The Port Arthur penal colony was set up as a secondary offender site. It was where the bad of the bad were sent and today is Australia's best preserved convict site. Walk amongst the structures which once housed prisoners sentenced to punishment in Van Diemen's land...there's also a ghost tour if you're into that.
Not a sign you see too often. There's rich wildlife in Tasmania, with various endemic species. Although they are completely wild, animals such as the penguin and wombat look like stuffed animals that you want to pet - don't. Here, you see Kyle, manager of a wildlife sanctuary, holding a wombat that's being nursed back to health after being hit by a car.
Ranked as the 41st best golf course in the world, Barnbougle Dunes is Tasmania's answer to St. Andrews without the old world stuffiness.
As I drove around the grounds with the course owner Richard Sattler, he told me about the history of Barnbougle and the quest to remove the strict formalities that preside around golf and return to the days of golf being fun, which is one of the reasons that both the courses remain open to the public.
Central Tasmania looks a bit like a setting from a nursery rhyme. With its button grass and sleepy creeks carving their way through the landscape, I constantly thought to myself that around every bend I turned I was going to see the Old Woman Who Lived in a Shoe.
Cradle Mountain is Tasmania's best known National Park. With its many bush walks, it's a great place to spend a weekend. As I drove up the narrow strip of bitumen on Dove Lake Road, the park's only vehicle access route, I felt like I was driving up the valley floor of Yosemite. It's as if Cradle Mountain was its smaller, more manageable sibling. Granted, I didn't do the six-day overland trek from Cradle Mountain to Lake St. Claire, so the "manageable" size I speak of is merely the area which can be accessed by vehicle.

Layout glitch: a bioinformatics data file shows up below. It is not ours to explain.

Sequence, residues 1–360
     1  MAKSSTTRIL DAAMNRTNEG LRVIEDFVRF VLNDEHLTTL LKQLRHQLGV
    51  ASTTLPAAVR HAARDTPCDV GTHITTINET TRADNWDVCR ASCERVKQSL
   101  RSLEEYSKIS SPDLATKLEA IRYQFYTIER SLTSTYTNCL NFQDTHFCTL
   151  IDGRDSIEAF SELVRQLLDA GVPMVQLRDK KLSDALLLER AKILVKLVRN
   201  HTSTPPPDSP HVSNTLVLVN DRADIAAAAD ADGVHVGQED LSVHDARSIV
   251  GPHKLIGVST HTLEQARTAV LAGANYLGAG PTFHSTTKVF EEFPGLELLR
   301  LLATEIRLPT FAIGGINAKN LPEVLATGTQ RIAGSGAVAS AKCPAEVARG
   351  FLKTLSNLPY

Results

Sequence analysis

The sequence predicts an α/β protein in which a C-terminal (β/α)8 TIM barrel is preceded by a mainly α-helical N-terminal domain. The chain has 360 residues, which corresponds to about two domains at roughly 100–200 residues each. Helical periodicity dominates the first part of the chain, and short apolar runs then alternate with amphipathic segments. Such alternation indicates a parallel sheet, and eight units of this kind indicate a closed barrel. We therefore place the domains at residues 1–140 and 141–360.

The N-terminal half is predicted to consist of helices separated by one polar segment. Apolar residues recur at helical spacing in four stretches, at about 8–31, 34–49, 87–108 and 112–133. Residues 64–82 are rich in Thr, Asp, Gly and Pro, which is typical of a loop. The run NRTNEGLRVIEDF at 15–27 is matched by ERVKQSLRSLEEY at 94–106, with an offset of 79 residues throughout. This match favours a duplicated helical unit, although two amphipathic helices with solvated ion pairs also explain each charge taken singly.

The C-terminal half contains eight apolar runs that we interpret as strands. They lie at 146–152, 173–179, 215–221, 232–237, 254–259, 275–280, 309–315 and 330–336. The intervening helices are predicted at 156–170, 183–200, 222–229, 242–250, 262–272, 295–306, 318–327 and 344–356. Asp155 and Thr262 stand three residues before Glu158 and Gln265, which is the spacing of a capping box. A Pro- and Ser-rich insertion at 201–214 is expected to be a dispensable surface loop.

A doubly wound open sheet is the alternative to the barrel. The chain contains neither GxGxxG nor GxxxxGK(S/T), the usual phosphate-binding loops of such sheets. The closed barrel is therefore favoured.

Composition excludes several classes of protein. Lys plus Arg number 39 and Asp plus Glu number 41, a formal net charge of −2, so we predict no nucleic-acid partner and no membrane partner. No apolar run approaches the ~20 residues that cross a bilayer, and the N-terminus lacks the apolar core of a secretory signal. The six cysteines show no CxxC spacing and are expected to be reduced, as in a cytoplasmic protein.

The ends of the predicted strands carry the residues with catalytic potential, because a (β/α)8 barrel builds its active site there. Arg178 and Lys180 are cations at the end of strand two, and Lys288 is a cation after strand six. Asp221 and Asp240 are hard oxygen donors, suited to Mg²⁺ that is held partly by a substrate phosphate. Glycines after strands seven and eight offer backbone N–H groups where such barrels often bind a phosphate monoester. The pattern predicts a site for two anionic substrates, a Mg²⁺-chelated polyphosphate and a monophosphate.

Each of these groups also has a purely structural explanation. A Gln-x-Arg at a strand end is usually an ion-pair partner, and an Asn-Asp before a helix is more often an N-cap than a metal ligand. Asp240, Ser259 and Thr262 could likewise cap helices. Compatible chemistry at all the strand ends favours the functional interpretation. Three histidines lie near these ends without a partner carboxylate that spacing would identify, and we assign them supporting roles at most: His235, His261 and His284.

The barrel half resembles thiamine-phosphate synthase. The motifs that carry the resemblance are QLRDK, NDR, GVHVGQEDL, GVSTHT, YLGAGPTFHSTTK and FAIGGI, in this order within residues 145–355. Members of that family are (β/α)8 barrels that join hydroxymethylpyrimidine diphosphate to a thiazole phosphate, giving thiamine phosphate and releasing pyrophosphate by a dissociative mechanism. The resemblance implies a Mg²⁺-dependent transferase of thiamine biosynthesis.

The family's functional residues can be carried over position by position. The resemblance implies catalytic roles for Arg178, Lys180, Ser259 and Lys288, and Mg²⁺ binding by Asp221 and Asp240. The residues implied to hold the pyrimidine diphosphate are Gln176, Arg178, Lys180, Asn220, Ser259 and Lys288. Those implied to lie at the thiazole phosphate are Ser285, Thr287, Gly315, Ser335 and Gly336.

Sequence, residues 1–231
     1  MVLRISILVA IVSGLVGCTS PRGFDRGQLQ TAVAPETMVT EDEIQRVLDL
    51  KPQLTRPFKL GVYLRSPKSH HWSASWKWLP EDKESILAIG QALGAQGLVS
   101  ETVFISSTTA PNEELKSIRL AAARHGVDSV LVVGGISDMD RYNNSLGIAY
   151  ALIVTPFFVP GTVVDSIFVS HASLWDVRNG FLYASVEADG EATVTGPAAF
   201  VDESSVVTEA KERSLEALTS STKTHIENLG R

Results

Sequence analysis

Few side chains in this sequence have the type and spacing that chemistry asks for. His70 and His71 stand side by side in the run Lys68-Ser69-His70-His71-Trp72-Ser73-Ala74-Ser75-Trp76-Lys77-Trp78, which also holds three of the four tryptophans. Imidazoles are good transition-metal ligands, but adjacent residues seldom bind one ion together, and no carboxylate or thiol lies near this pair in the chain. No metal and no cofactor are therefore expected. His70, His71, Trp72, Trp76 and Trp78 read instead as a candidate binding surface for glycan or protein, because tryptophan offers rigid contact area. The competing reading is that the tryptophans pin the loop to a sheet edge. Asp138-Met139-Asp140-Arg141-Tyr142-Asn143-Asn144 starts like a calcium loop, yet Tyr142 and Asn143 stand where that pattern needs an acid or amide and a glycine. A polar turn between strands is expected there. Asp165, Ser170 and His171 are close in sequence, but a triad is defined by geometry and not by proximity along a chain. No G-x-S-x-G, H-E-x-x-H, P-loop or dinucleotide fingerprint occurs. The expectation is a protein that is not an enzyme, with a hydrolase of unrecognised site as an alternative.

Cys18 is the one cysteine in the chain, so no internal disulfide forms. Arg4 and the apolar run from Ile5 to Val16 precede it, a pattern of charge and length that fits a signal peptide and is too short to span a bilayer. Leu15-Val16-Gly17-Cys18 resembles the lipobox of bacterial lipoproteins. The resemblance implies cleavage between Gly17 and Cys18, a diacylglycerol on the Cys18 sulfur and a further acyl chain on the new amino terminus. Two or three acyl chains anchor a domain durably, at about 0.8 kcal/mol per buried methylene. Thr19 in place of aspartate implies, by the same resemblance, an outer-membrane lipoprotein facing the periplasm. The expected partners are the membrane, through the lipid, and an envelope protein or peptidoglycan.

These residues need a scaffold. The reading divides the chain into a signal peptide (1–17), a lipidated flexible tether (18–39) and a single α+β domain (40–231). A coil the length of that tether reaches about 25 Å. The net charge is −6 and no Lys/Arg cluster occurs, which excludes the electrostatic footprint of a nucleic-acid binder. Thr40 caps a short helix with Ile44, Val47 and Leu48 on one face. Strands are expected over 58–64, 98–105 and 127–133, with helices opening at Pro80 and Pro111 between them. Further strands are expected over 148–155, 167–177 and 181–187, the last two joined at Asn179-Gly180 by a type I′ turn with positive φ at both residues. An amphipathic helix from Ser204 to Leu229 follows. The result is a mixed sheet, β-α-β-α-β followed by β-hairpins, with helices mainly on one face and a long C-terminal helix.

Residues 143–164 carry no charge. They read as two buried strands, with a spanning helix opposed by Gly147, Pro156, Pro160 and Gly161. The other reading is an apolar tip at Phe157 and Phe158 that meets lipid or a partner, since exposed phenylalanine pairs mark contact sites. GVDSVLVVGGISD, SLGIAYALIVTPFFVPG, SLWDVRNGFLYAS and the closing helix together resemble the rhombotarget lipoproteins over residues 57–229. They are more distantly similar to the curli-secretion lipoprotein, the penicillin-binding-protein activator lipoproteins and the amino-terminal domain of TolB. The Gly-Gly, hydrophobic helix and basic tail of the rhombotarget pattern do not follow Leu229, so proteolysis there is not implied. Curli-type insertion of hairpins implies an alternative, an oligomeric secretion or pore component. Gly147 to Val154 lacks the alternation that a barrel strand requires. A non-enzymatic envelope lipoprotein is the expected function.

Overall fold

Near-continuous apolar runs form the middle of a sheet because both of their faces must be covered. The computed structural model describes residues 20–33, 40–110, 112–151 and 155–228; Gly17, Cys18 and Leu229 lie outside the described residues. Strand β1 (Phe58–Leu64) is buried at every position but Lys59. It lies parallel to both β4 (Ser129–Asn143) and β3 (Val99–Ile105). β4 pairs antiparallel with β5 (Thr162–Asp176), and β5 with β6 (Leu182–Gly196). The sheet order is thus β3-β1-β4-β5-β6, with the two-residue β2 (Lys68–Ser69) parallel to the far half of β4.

White sand beaches and crystal clear water front the coast of Wineglass Bay and Freycinet National Park. I faced a bit of rain during my time at Freycinet, but it didn't detract much from this scene.
There was a surreal feeling surrounding Liffey Falls, with fern trees poking up and moss-covered logs looking like a scene out of "Lord of the Rings." I was freezing on this trip but was rewarded with absolute solitude. Not another soul in the park, chirping birds and the crashing sound of thousands of gallons of fresh water were my only company. Kind of a common occurence in Tasmania.
Sheep outnumber people in Tasmania 8 to 1 - with its temperate climate and vast amount of land, it's a perfect place for agriculture and produce. As I made my way around the island, I always had a little laugh when I saw these guys with so much wool, sometimes covering their entire face.
The constant battering of the sea against areas like Cape Pillar have left nearly 300-meter-high cliffs that are super dramatic. It reminded me of a scene out of "Jurassic Park," the kind of coastline that only a set designer could dream up.
Don't mess with Stanley when it comes to "The Australian Tidy Town Awards." It has taken home the title on several occasions. Many a town in Tasmania has an Olde England feel, yet they have their own specific spin on things, such as this Victorian home in Launceston.
Not sure if these images really need further description... With its temperate climate, fertile soil, green pastures, and fresh water, Tasmania produces world-class wine and cheese.
The small town of Wynyard, on Tasmania's northern coast, is home to the annual Tulip Festival, which lasts a few weeks every October. The flowers come in every color imaginable.
Here on the southern coast you can see dolphins, like the ones that accompanied us for a good portion of our Tasman Island cruise...along with Australian fur seals, countless species of birds, and for our lucky captain Ben, a humpback whale - he spotted it but it dove before the rest of us could see.
With food being organically grown on local farms, you can find the freshest ingredients pretty much everywhere in Tasmania. This picture is from a degustation meal that I had at the Stillwater Cafe Restaurant in Launceston, a carefully prepared meal that consisted of over eight small plates accompanied by matching glasses of wine. A meal that I won't soon forget.
Tapping into Tasmania's abundance of natural resources, distillers have been taking advantage of what the island has to offer for well over a century. Its rich peat produces whiskey rivaling the best of Scotland. After a few samples at the Lark Distillery, my photography took on a new "artistic look" for the remainder of the evening.